Don’t lose money, know the differences between a PUT and a STOP loss

On a previous post titled “How to sleep well when holding an overbought stock?” I received a comment stating that having a PUT was the same as having a STOP loss. This is NOT correct. I’ll use this post to explain the differences.

A PUT is an option to sell a stock within a window of time at a price that was agreed upon. For example, let’s say I own stock XYZ that is trading at $50 and I buy a PUT that expires in 30 days with an exercise price of $45. This means that for the next 30 days I have the option to sell XYZ at $45. In effect my position is insured for a maximum loss of $5. If the price of XYZ went to $30, I would exercise the PUT and sell it for $45. Therefore, I would only lose $5.

A STOP loss order is a permanent SELL order that is placed with your broker to sell a stock at market if it hits a specific price. For example, let’s say you have a STOP loss order for XYZ at $45. If XYZ fell from $50 and traded at $45 the STOP order would automatically convert to a market order and the XYZ would be sold at market. This means that in liquid markets, depending on the execution of your broker, you should be able to sell at a price close to $45 and only lose $5. In a fast moving down market you could be selling at $43, $42 or even $40. Therefore, you could lose more than $5. The price at which you sell is not guaranteed.

Another issue with the STOP loss is that it does not protect you against a gap down opening. Again, assume you have a STOP loss set at $45. If you had XYZ trading at $50 and XYZ reported earnings after hours. Let’s say they reported a big loss when the market expected a profit for the quarter. Hence, the next morning XYZ opens at $25. Since the stock never traded at $45 the STOP would have not been executed and therefore you didn’t sell at $45. Hence, you lost $20 from where you thought you had protection from the STOP. Contrast this to owning a PUT at $45. In the PUT’s case you would be protected, you have the option to sell at $45 even after the gap opening of $25, losing only $5.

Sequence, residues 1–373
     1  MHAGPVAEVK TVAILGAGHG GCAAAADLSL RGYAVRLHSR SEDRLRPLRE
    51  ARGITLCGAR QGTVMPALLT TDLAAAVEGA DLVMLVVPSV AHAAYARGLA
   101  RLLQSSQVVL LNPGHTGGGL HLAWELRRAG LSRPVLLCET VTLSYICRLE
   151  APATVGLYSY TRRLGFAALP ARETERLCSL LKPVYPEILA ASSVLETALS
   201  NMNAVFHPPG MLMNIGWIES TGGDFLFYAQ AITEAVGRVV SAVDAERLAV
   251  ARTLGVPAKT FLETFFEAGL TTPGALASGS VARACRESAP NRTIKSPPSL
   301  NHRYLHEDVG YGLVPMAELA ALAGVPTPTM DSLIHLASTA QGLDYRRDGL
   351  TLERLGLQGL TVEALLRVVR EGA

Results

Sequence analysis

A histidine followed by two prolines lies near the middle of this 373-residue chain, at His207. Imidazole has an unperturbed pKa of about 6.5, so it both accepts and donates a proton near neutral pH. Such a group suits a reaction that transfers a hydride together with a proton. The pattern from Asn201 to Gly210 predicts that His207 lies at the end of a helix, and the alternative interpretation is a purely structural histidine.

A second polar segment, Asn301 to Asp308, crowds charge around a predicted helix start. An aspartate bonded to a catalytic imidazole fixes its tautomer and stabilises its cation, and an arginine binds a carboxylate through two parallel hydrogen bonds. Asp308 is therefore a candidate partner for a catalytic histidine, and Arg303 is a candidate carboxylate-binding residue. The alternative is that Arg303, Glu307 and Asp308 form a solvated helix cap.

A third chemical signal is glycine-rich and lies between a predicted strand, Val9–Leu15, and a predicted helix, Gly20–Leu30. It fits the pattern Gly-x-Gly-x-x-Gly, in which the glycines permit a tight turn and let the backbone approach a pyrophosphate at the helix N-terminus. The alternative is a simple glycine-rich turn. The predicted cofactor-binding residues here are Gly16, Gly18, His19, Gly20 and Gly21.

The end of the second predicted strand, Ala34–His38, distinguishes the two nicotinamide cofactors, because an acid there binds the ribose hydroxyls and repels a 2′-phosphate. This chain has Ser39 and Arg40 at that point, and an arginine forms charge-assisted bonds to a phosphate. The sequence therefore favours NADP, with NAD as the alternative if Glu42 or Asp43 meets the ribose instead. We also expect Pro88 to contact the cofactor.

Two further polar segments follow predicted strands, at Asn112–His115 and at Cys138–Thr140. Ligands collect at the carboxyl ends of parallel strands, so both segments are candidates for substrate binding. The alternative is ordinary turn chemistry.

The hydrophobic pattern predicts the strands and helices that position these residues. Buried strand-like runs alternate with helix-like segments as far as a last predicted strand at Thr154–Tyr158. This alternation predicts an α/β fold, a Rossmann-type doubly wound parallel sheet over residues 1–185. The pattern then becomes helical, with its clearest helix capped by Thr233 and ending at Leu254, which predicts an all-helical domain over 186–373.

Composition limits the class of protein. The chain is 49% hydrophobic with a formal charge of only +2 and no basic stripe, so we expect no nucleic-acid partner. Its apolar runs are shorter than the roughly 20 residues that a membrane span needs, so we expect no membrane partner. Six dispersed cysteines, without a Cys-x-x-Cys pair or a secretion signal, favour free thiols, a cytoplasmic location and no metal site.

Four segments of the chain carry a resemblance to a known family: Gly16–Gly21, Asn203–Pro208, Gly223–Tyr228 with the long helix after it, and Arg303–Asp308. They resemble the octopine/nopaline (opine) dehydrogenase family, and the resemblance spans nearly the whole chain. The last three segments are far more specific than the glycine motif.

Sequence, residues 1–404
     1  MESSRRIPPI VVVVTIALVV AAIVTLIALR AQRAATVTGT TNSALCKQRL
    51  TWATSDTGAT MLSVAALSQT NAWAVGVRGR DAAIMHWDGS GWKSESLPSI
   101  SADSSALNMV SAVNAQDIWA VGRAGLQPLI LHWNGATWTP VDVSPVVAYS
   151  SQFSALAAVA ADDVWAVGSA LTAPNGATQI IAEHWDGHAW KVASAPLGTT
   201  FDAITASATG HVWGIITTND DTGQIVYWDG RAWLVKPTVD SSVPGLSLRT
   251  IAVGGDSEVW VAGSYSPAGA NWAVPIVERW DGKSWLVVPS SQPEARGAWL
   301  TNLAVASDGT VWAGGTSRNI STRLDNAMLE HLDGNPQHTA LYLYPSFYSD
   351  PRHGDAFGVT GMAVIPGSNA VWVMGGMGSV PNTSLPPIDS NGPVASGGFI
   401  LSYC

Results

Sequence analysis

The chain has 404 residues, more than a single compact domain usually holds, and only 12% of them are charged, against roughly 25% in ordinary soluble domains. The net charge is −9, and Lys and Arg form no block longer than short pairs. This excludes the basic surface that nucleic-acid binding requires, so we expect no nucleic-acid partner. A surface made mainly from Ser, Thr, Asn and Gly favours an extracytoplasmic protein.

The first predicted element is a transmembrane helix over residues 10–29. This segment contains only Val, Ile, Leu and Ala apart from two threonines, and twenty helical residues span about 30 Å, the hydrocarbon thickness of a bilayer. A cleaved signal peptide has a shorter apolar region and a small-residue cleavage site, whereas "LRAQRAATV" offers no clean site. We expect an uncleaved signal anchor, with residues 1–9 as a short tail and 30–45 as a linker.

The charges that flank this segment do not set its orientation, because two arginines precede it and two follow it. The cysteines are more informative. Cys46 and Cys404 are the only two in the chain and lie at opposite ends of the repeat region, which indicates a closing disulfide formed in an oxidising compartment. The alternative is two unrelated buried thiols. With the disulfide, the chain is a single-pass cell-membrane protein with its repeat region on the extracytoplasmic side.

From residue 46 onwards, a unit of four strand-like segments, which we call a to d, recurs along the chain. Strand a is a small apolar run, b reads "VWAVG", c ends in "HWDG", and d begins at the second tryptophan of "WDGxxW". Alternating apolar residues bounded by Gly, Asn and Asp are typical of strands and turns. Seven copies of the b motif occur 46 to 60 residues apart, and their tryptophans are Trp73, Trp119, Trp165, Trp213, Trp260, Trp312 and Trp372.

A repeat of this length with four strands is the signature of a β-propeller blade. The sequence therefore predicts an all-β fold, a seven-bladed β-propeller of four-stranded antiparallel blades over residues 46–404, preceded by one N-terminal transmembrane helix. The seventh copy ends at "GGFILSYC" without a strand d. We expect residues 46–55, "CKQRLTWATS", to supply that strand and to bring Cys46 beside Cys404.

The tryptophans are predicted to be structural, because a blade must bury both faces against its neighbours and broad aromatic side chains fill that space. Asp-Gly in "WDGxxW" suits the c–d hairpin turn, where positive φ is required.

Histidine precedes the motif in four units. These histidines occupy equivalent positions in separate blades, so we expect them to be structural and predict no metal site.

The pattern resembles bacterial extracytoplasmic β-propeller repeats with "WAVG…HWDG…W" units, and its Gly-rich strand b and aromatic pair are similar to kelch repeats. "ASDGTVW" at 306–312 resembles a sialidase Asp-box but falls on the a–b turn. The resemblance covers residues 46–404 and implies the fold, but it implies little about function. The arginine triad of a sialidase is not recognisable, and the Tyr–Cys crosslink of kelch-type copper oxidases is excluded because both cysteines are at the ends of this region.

In summary, the benefits of PUTs over STOP orders are:

1) PUTs protects you 24/7

2) PUTs guarantees the price at which you are protected

The only benefit I see of the STOP is that it doesn’t cost you any premium like the PUT. However, you get what you pay for. The STOP doesn’t give you effective protection.

I highly recommend you use PUTs over STOP losses when insuring your portfolio.

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If you have any more questions feel free put them in the comment section.

Thanks for reading. Have an eclectic day!

Please note: I reserve the right to delete comments that are offensive or off-topic.